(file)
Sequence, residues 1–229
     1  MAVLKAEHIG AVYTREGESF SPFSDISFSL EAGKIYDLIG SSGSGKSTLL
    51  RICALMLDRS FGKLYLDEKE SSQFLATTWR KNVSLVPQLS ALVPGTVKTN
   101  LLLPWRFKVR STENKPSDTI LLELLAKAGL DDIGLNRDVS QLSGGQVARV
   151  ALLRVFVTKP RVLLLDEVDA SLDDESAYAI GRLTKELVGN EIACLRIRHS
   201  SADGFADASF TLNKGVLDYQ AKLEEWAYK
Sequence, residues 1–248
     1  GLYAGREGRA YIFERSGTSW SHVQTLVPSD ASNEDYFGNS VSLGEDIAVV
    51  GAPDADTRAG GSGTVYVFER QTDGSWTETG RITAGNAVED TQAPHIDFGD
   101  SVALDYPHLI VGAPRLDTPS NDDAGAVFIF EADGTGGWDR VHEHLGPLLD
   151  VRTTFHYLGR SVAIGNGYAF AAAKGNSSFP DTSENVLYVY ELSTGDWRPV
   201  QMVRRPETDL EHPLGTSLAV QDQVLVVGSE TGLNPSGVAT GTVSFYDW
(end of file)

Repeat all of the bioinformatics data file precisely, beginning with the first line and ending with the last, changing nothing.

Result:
Sequence, residues 1–229
     1  MAVLKAEHIG AVYTREGESF SPFSDISFSL EAGKIYDLIG SSGSGKSTLL
    51  RICALMLDRS FGKLYLDEKE SSQFLATTWR KNVSLVPQLS ALVPGTVKTN
   101  LLLPWRFKVR STENKPSDTI LLELLAKAGL DDIGLNRDVS QLSGGQVARV
   151  ALLRVFVTKP RVLLLDEVDA SLDDESAYAI GRLTKELVGN EIACLRIRHS
   201  SADGFADASF TLNKGVLDYQ AKLEEWAYK
Sequence, residues 1–248
     1  GLYAGREGRA YIFERSGTSW SHVQTLVPSD ASNEDYFGNS VSLGEDIAVV
    51  GAPDADTRAG GSGTVYVFER QTDGSWTETG RITAGNAVED TQAPHIDFGD
   101  SVALDYPHLI VGAPRLDTPS NDDAGAVFIF EADGTGGWDR VHEHLGPLLD
   151  VRTTFHYLGR SVAIGNGYAF AAAKGNSSFP DTSENVLYVY ELSTGDWRPV
   201  QMVRRPETDL EHPLGTSLAV QDQVLVVGSE TGLNPSGVAT GTVSFYDW